The tight end position certainly is not what it once was in the Missouri Tigers football program. Though the Tigers went through an eight-year stretch with elite receiving tight ends that went on to play in the NFL, including Martin Rucker, Chase Coffman, and Michael Egnew, the position has been a bit of an afterthought since Egnew departed and the Tigers moved to the SEC in 2012.
There were a few factors that played into this change. First of all, there was a rather large drop-off in playmaking talent from Egnew to his heir apparent, Eric Waters. In 2012, Mizzou had a 6-foot-6 star wide receiver recruit, Dorial Green-Beckham, who needed to be integrated into the offense in some way as a freshman, so they began to give him snaps in lieu of playing a traditional tight end (if you can even call it that; Missouri’s tight ends were often glorified slot receivers who received very few blocking assignments).
After Mizzou struggled to a 5-7 record in their inaugural SEC season, offensive coordinator David Yost was fired and offensive line coach Josh Henson took over. Henson, a former LSU assistant, modified the offense slightly to put it more in line with what other SEC teams were doing, and that included having a traditional blocking tight end with a hand in the dirt. This created more opportunities for Waters, as well as redshirt freshman Sean Culkin and former walk-on Clayton Echard, who served as a short-yardage blocking specialist. This change did not increase the receiving role of the tight ends, though. Waters caught eight passes for 72 yards and a touchdown, while Culkin caught one pass for six yards.
This year, with Waters having graduated and signed an undrafted free agent contract with the Pittsburgh Steelers, Culkin and Echard will likely be the two primary players at the position. The 6-foot-6, 245-pound Culkin, who was a highly-regarded recruit out of Florida, has the potential to develop into a very good pass catcher and blocker, but he definitely will need to take a step forward this year. Culkin’s career has been a bit of a disappointment so far, as he was slated to play as a true freshman but got injured near the start of the year, and then he began 2013 as the starter but was later benched in favor of the incumbent Waters. With 6-foot-5 wideouts L’Damian Washington and Marcus Lucas having graduated and Green-Beckham having been dismissed earlier this year, Culkin may be relied upon more for targets in the endzone and on long jump balls.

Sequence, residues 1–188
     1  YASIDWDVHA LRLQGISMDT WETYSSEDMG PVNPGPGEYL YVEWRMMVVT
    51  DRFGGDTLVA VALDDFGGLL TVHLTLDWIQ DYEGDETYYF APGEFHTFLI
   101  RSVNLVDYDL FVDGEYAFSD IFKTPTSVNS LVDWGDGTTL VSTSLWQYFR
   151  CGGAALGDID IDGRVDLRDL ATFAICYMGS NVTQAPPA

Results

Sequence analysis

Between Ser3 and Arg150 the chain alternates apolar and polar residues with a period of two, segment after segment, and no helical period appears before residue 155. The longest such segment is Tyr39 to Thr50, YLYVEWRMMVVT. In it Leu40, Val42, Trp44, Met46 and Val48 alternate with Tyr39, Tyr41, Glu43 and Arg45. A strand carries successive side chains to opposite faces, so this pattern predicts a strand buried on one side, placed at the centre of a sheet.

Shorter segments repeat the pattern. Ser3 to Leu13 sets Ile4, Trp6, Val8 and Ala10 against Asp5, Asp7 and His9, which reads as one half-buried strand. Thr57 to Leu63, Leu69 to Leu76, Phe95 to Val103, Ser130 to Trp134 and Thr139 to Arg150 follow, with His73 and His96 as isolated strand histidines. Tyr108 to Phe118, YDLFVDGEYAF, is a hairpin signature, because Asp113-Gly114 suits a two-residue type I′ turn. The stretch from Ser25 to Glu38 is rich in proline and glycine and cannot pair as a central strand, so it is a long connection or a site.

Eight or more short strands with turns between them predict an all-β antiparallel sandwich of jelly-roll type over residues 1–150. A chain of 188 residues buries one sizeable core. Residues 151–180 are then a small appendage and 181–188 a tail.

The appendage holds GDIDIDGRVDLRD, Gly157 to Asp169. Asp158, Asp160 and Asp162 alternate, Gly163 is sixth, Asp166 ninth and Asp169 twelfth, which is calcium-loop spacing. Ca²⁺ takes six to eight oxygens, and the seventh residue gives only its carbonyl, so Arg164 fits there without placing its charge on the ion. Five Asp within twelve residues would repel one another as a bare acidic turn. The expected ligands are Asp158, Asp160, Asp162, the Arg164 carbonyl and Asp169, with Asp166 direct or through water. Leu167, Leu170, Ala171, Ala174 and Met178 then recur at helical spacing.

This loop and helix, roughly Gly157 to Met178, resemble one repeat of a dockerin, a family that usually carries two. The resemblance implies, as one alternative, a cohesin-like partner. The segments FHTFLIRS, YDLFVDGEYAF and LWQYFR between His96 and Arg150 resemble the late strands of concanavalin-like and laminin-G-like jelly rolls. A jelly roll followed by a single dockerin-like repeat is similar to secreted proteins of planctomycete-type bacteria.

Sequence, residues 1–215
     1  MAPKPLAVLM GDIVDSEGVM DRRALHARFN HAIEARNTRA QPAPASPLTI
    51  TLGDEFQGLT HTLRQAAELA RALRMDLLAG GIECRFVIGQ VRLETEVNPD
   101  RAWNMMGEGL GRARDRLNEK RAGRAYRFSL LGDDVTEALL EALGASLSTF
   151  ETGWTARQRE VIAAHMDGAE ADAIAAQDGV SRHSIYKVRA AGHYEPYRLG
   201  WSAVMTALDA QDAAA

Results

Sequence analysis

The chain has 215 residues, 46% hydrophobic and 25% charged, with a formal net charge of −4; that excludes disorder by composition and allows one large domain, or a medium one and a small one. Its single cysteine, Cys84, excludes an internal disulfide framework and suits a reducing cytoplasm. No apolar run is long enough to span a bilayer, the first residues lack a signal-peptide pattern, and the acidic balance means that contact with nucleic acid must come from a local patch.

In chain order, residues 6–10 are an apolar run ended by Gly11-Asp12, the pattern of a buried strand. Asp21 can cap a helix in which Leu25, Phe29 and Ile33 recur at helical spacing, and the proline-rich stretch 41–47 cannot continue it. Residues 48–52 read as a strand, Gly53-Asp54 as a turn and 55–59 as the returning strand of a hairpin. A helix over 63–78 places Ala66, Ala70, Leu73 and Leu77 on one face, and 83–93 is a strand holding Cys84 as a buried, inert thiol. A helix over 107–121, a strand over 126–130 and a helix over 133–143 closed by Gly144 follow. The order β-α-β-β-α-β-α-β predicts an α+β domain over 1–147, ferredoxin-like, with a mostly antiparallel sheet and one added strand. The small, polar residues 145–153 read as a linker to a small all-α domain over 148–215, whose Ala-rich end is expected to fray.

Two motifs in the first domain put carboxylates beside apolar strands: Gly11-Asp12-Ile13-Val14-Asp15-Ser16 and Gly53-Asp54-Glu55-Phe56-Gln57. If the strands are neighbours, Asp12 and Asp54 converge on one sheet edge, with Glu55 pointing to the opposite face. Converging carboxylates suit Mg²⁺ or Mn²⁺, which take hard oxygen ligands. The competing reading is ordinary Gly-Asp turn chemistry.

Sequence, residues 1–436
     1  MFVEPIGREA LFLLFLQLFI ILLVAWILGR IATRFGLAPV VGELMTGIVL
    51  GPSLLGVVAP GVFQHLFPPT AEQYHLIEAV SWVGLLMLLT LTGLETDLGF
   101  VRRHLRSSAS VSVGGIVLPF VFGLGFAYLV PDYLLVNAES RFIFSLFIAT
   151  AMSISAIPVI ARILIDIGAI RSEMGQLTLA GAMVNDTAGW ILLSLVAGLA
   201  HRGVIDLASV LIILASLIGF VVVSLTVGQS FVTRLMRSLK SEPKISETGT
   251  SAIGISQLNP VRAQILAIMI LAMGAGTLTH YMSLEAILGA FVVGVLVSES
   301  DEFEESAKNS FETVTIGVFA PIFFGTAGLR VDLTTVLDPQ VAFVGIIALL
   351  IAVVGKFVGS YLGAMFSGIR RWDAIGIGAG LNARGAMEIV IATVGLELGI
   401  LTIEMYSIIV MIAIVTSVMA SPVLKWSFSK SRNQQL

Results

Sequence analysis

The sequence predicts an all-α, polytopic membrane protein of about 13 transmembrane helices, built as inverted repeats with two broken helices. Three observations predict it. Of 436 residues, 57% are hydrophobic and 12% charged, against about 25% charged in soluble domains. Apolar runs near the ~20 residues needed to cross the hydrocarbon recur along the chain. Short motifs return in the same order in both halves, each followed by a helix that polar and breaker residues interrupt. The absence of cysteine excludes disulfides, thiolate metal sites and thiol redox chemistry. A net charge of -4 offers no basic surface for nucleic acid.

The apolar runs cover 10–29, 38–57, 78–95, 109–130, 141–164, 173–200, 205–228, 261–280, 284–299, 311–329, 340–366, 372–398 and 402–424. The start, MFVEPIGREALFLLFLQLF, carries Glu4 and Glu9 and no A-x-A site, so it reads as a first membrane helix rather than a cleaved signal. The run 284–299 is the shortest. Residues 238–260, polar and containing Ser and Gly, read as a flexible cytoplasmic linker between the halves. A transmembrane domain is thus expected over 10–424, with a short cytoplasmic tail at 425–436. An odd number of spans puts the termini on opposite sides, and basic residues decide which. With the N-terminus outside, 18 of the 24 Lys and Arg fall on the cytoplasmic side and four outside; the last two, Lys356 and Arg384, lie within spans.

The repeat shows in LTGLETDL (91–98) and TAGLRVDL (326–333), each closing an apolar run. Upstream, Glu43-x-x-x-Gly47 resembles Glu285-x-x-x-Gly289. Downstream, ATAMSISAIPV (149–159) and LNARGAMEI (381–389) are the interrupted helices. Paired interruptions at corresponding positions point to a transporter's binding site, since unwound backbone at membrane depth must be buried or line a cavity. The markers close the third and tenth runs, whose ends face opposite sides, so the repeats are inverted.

Echard, a 6-foot-4, 255-pounder, made some very positive contributions in the running game during his first year of on-field action in 2013. It remains to be seen as to whether he has anything to contribute as a receiver, but he’ll be a nice asset in two-tight end packages.
Redshirt freshman Jason Reese was listed third on the depth chart during the spring. The 6-foot-5, 240-pounder was ranked as the 23rd-best high school tight end in the nation for the 2013 recruiting class, but it appears that he is raw and has some work to do as a receiver. Unless he makes big strides throughout the offseason, don’t expect to see a whole lot of him to begin 2014.
Beyond those three, the team has walk-ons Tyler Hanneke and Austin Ray. Ray, who was formerly on scholarship at the University of Colorado, could be an intriguing guy to keep an eye on. He’s got the talent to be an endzone threat and enough size to be an effective blocker.
Freshmen Kendall Blanton and Grant Jones (son of Tiger running back coach Brian Jones) will also enroll for the fall semester. Both are long and athletic, but they’ll likely need at least one year in the team’s strength training program before they’re ready to contribute on Saturdays.